Best marijuana activist
The bubbly project coordinator for the Toronto Compassion Centre is a medpot ambassador extraordinaire. Founder of the glittery Bud Babes - seen on weed-wonderful floats wherever anti-prohibition activists parade - Curley networks conferences, organizes promo parties and sells the compassion cause wherever there's an opening. "Boys, I'm taking control here,' she likes to say in the midst of guy-heavy movement mayhem. Her fave catchphrase is "well-behaved women rarely make history.' No prob, she ain't one.
Best queer activist
Imagine you're young, queer, brown, new to Canada and speak no English - in other words, almost completely isolated. If you're lucky, you'll encounter Suhail AbualSameed. AbualSameed coordinates Express, the newcomer/ immigrant youth program at Supporting Our Youth. He's also - among a ton of other things - a co-founder of Salaam, the group that supports queer Muslims. And he works on the Youth Migration Project to explore issues related to LGBTQ refugee youth and HIV/AIDS. Smart, committed and a brilliant speaker, AbualSameed makes T.O. a safe haven.
Best defender of the city
PIER GIORGIO DI CICCO
As T.O.'s poet laureate, Di Cicco, a Catholic priest, is supposed to open conferences and direct the public gaze to the glories of art and literature. What he's done, however, is far grander. He's turned city planning ethereal. In his many speeches and writings, Di Cicco's provides a spiritual language for that elusive relationship between urban design and the social good. His book Municipal Mind: Manifestos For The Creative City theologizes against any act that "discourages human encounter in the interest of expediency" or breeds "entitlement without patience, tolerance without empathy and a civic mandate to mind your own business.' No planner should start a survey without inhaling Di Cicco's little benediction.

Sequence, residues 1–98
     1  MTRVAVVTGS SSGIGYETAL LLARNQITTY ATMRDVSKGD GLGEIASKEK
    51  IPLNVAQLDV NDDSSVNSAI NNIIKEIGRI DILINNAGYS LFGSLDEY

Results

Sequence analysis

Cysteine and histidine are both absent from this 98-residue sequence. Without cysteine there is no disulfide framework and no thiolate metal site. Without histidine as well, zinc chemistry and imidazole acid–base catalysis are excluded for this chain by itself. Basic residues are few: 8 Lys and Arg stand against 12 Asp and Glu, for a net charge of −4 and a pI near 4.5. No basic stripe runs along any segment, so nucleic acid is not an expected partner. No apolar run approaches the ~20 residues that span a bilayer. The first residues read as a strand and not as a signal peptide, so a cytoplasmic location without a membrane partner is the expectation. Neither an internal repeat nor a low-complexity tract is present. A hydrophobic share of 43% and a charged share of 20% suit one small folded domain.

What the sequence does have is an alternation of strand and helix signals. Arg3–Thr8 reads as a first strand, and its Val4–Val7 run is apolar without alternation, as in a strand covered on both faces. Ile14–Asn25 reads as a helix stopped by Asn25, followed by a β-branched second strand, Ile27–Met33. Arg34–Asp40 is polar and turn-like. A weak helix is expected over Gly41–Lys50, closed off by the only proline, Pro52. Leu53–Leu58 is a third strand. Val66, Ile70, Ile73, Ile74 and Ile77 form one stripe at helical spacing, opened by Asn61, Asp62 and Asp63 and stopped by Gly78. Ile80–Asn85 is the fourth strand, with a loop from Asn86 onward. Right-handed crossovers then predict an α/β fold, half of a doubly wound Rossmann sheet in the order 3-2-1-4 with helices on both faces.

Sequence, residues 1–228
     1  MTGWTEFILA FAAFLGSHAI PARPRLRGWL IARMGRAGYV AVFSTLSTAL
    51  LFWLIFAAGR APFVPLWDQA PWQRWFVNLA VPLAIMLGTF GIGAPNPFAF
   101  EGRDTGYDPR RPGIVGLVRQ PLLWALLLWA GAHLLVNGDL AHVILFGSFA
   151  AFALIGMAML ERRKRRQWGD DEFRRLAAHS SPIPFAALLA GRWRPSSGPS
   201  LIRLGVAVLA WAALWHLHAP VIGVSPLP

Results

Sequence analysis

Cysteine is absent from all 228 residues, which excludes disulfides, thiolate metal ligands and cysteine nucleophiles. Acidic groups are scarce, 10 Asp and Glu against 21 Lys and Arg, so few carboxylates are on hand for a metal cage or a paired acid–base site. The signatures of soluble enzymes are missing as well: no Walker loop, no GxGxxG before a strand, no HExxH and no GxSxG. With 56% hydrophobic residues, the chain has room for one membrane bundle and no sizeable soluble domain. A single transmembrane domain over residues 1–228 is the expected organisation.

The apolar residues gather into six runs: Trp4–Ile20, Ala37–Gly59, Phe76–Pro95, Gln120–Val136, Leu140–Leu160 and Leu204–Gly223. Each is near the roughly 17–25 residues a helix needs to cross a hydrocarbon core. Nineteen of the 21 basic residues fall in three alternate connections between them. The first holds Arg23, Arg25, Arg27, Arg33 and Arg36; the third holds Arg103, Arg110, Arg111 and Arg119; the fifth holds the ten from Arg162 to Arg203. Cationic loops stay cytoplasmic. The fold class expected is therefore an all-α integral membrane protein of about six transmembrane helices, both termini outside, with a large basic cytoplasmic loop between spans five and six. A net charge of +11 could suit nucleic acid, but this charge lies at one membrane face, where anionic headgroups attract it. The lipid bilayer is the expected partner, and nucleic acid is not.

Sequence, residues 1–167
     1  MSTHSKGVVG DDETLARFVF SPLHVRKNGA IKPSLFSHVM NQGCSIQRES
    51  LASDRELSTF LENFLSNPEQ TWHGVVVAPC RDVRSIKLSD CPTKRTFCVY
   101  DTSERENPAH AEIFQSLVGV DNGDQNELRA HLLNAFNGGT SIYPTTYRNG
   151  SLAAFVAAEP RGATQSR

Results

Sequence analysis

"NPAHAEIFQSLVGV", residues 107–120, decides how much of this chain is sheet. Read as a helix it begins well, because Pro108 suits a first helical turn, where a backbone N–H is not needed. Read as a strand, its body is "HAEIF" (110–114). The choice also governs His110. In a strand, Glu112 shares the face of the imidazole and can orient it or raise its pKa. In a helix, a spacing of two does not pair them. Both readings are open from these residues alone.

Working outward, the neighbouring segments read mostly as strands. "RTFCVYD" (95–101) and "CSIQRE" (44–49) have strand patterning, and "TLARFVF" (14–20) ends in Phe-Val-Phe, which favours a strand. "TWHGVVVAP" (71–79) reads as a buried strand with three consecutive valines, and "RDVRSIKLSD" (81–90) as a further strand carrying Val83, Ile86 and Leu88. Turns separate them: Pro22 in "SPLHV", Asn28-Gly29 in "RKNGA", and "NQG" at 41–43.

Best activist group
URBAN REPAIR SQUAD
This anonymous group of bike-loving vigilantes, a modern-day posse on two-wheelers, is taking back the streets from smog-causing cars one bike lane at a time. And all through the nozzle of a spraypaint can (no worries, it's easy-off). Part graffiti, part guerrilla theatre, URS's unofficial bike lanes have sprung up on Bloor, Ossington, Dundas and Queen, much to the delight of sometimes bewildered passersby. The city says it's too broke to build bike lanes. The Urban Repair Squad will fix it, no charge.
Best activist campaign
STREETS ARE FOR PEOPLE'S LIBERATE A TREE
With sledgehammers and crowbars in hand, Streets Are for People make like a band of merry eco-warriors circa Rebellion of 1837, scouring the city for street trees to liberate from the suffocating slabs of concrete that prevent rainwater from getting to their roots. These tiny acts of guerrilla streetscaping are giving our otherwise neglected street trees a chance to survive - hey, the city's not watering them!
Yes, it's true. DiNovo once smuggled LSD across the border in a hollowed-out Bible. A one-time street kid, Marxist-Trotskyist, corporate headhunter, United Church minister and perhaps the next leader of the provincial NDP, DiNovo's got a packed resumé. Now as MPP from Parkdale-High Park, the radical rev has turned her Tommy Douglas-like social gospel to waking up the dozy NDP caucus. Her private member's bill for a $10-an-hour minimum wage was more than an occasion for fine speechifying - DiNovo turned her campaign into an extra-parliamentary mission. We're counting on the Jesus-lovin' former Trot to win us back some social dem faith.